Green Tea: Healing And Serenity In A Cup


Freelance Contribution by: Lucy Wyndham

Aaron Fisher in his book – The Way of Tea: Reflections on a Life with Tea, notes – “Tea’s ability to both stimulate our awareness and calm us down at the same time makes it the ideal center for a natural and spontaneous meeting with the Tao.” Every tea drinker knows that nice, uplifting feeling that comes after taking a sip from a cup of warm tea. It is since the ancient times that this warm infusion of herbs which today we call green tea has been traditionally used for calming the troubled mind and soothing various physical ailments, from the common cold to insomnia. Monks have often described how drinking green tea can awaken you spiritually. Some describe how a few sips of an herbal tea infusion can effortlessly make you flow into a state of serenity from where inspiration takes wings.

Spiritual messages in tea

For ages, people have been peeking into their teacups to find their soul’s messages in the brewed tea leaves. The herbs and the brew have long been known to hold spiritual energy. Tea leaf reading is in many ways similar to tarot reading for spiritual awakening and just like tarot, it is an ancient practice. The Buddhists believe that the bitter taste of tea leaves is very symbolic. It reminds us of life’s suffering which is inevitable. The clear liquid symbolizes the monastic life, which is of calmness and self-discipline. No wonder it is part of their daily ritual, which is a form of meditation in itself.

Brewing the spiritual herbs

The very concept of a tea ceremony is to immerse oneself in the process of making tea which naturally allows one to calm down and go within. The thoughts mellow down, allowing the voice of the intuition to become clearer. That moment is the very root of where spiritual awakening sprouts. The art of making spiritual green tea lies in brewing the tea in a lidded pot or cup, for around 5 minutes or so. This aids in recirculation of the aromatic qualities of the herbs.

Calendula tea is known to awaken the innate healing qualities of the spirit as it clears your aura and forms a protective energy shield around you. The pleasant Chamomile tea which is much cherished for its qualities in treating insomnia, anxiety, depression, and skin disorders, is also a prized spiritual infusion which calms you to make you more receptive to the Divine energy. Fennel tea is yet another such tea that awakens your spiritual qualities by physically inhibiting your sugar cravings while reminding you on an energetic level to take out time for yourself.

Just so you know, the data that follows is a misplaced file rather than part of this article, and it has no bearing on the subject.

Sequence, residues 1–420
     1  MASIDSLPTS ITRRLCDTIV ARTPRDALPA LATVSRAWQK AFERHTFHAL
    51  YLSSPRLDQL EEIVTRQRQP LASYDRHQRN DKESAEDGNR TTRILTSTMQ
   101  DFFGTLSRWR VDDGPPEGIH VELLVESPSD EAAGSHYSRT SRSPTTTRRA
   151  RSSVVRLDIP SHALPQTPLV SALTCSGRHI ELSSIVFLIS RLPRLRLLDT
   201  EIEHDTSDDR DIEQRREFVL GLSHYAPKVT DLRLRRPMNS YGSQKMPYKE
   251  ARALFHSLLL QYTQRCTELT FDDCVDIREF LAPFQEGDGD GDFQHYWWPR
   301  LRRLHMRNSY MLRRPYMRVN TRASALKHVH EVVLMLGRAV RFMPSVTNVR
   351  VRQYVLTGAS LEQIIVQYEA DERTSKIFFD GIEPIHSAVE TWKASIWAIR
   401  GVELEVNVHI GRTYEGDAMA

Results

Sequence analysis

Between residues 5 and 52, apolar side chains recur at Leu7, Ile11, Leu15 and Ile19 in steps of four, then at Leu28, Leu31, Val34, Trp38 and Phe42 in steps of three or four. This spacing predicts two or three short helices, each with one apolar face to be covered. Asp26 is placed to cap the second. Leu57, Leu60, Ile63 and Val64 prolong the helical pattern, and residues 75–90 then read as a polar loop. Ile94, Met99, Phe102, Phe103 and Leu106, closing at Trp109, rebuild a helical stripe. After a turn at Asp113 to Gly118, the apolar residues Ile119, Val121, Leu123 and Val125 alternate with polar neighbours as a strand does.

Mother Earth has blessed us with herbs which the sages view as God’s sacred medicines, to heal our scarred souls that often manifest physically in the form of pain and disease. The instant tea is just a cup of flavored warm water which is not the same as spiritual green tea. Green tea heals you from outside just as it does from within and connects you to your Source.

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In Three Cups of Tea


April is National Poetry Month – January is National Hot Tea Month – for those of us
that do not wait for these months to celebrate either of our loves; it is my pleasure to
share this poem with you. I wrote this poem several years ago after meeting the author
of Three Cups of Tea, Greg Mortenson before the “sand storm”. It was not the man, nor his book that captured my attention. It was the story behind the title that captivated me.

In Three Cups of Tea

Faraway lands.
Customs that are new.
Eyes darken with caution – faith has been lost.
Be wary of the stranger.
What is it really that he wishes to do?
Hidden in the desert hills awaits the danger.
From the storms that blow and stir up the sands,
the tea will always be murky.
Let the sleeping dogs lie.

Offer the stranger his first cup of tea.
Time waits for no one and no one rushes time.
Sip slowly to see what is truly in his heart.
Then let things settle – the sediment allows for clarity.
Not everyone is who they appear to be.
In days to come pour him another one.

Offer the stranger his second cup of tea.
Laughter and gestures indicate a change.
The visitor from another land becomes an honoured guest.
Seems he is not so strange.

Everyone sips their tea.
Hills, rock, and sand as far as the eye can see;
there are many other places he could be.

Invite him now for his third cup of tea.
A soul that has found his way back.
The long-lost stranger is now part of the family.

All of this, discovered in three cups of tea.

~ Dharlene Marie Fahl ~
A Passion for Tea

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You Must Believe In Spring


Spring conjures images of idyllic deep green expanses, perhaps even the finely
manicured terraced tea gardens in Japan. Closer to home, the hills that were once
brown or even blackened by devastating fires that perennially beset our region
show hopeful signs of regenerating and green appears once more. On the food